Essay about Foster Care
The foster care system is a child welfare system that is ran through the government and states. Foster care is an alternative living situation for children who are deemed unsafe with their original parents or guardians. This system is supposed to protect these children and provide them with a safe place to live, whether that be a foster home, group home, or shelter. The main goal for any child until it is no longer an option, is reunification with the child family.
Sometimes this isn’t an option, and leaves kids in the system for years upon years until they age out or get adopted, which is quite rare for many reasons. In this essay, I plan on discussing the foster care system, including the good and bad. I plan on hitting key points such as including statistics, talk about aging out, permanent connections, school and friends, race and sexual orientation, and how being in the foster care system dramatically increases the likelihood to enter the criminal justice system.
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There are 400,000 children in the foster care system, and each year there is about 250,000 new youth that enter the system. about 47% of youth are Caucasian, 21% African American, and 20% Hispanic. The percent of Caucasian youth entering the system is slowly rising while percent of African Americans are slowly lowering. The average or median age of children that enter the system is about 6.3 years of age.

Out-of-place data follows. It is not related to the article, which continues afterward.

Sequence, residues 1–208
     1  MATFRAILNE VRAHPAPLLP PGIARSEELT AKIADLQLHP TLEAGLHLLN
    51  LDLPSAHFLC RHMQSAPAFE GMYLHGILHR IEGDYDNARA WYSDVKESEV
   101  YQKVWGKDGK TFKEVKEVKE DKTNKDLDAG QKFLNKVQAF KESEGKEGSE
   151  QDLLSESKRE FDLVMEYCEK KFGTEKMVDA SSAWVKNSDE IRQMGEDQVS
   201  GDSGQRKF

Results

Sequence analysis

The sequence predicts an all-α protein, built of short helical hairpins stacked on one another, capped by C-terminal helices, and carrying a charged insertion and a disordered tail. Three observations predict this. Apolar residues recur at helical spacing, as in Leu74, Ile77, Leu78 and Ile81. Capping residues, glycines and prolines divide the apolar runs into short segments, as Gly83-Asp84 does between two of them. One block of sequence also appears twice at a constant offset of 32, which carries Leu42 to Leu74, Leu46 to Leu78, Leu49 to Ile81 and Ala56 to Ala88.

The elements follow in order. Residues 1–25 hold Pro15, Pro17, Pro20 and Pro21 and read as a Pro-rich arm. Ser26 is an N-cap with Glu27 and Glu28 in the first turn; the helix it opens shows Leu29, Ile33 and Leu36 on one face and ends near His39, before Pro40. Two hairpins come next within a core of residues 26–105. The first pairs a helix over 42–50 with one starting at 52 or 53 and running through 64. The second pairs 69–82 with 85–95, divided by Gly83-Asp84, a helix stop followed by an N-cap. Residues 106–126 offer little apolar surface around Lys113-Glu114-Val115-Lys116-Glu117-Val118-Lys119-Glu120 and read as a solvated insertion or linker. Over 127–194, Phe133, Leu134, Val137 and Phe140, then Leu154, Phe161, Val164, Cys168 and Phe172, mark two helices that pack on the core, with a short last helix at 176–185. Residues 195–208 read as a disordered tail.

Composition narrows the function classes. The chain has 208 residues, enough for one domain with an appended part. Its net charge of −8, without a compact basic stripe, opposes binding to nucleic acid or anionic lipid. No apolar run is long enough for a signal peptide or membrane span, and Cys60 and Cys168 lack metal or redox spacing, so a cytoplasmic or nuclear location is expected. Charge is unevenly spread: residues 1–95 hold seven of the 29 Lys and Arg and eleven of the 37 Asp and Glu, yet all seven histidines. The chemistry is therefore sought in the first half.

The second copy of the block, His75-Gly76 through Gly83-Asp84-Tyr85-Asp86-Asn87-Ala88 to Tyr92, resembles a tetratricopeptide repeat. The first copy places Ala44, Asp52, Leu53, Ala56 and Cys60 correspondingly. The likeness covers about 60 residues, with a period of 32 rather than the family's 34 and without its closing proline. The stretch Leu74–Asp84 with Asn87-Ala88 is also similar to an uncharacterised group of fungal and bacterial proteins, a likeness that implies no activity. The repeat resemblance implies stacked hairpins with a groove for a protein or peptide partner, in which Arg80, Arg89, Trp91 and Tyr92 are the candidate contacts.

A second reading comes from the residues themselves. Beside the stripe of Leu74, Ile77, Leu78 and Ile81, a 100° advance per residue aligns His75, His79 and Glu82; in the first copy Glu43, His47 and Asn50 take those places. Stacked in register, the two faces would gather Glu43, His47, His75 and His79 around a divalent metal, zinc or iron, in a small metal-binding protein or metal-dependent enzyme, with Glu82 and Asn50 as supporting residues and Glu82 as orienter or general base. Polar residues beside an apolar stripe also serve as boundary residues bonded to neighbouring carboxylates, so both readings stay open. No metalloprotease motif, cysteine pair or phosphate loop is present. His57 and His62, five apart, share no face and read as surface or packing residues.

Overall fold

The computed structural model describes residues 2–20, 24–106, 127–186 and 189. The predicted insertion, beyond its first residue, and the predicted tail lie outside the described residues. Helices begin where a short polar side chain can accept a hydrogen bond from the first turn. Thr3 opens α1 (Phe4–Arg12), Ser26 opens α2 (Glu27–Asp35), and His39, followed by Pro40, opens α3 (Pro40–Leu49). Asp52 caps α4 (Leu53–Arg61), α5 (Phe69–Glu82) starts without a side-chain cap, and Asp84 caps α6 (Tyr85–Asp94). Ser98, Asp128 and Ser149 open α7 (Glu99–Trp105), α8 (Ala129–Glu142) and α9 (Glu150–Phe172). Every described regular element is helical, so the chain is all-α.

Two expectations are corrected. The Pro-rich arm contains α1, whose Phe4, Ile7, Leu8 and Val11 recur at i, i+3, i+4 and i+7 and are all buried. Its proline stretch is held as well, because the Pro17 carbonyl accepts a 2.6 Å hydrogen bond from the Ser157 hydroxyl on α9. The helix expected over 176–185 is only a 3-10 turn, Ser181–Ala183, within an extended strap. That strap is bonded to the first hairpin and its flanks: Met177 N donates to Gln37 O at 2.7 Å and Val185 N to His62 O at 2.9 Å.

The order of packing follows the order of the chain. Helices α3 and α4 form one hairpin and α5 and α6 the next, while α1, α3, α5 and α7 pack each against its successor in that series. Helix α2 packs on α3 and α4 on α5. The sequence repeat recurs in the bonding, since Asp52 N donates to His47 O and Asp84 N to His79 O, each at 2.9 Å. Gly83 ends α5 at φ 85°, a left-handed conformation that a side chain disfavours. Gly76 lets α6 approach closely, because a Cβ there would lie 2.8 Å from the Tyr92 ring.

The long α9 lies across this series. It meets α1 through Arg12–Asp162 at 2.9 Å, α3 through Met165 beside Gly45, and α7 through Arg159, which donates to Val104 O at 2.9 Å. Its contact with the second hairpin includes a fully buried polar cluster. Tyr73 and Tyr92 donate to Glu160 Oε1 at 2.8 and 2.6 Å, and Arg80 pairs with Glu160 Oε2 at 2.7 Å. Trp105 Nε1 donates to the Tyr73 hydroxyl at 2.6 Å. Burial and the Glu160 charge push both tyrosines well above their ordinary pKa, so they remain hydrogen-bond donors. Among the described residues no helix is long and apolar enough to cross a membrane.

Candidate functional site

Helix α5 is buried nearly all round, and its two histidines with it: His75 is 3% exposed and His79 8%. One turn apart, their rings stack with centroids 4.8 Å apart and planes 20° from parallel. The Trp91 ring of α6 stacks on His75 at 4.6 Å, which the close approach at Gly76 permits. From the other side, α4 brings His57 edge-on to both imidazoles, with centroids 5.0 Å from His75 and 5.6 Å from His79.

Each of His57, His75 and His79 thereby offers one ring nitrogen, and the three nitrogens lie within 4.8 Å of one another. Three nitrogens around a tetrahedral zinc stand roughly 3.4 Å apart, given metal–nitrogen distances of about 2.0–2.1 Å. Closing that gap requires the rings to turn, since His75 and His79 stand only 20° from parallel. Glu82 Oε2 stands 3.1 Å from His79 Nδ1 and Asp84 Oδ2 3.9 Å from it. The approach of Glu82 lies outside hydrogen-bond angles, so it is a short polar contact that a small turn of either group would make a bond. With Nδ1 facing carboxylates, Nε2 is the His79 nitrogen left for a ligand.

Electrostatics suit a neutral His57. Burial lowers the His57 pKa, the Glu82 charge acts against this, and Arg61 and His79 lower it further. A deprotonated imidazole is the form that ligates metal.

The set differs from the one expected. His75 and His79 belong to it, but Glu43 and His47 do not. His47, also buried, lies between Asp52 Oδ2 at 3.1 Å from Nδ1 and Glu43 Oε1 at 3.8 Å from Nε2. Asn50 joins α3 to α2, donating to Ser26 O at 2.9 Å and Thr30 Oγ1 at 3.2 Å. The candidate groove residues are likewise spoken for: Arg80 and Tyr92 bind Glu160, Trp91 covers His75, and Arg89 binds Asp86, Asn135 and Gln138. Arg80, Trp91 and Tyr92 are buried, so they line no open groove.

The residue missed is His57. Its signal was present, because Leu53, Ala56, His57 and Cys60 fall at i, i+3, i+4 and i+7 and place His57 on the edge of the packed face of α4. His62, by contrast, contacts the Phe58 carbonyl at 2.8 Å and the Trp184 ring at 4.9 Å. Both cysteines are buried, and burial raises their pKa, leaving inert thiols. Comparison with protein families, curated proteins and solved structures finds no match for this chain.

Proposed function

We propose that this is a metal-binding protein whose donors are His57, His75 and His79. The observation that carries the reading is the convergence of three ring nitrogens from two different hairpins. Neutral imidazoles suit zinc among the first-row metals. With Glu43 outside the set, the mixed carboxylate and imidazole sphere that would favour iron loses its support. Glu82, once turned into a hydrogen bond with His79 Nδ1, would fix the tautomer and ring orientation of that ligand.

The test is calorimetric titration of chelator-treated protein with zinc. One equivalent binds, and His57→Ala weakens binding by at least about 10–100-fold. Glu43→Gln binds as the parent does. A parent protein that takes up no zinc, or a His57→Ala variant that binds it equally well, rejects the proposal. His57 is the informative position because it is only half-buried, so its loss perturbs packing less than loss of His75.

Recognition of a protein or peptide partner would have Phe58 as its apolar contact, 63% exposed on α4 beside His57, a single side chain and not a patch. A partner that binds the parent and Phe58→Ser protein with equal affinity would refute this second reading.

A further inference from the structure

In 2016, there was 3,653 more children that were adopted than in 2015 and that number continues to rise. In 2016, the total number of children that were adopted was about 57,208. This number indicates that since 2014, the adoption number increased by about 13%. 52% of these adoptions were done by the foster parents that children were living with for at least a year or more, so they were already a “part of the family”.
Children wait about 31.2 months in foster care before being adopted, if their parents’ rights have been terminated, which is less than previous years, but is still way too long for a child to feel like they are part of a family. As of 2016, the number of children who turned 18 or 21 and aged out without having a permanent connection or family has dropped dramatically. There is between 20,000 and 25,000 youth who age out, which is a 45% decrease within the last ten years, which is huge because this indicated that more youth are leaving the system with permanent connected and supports.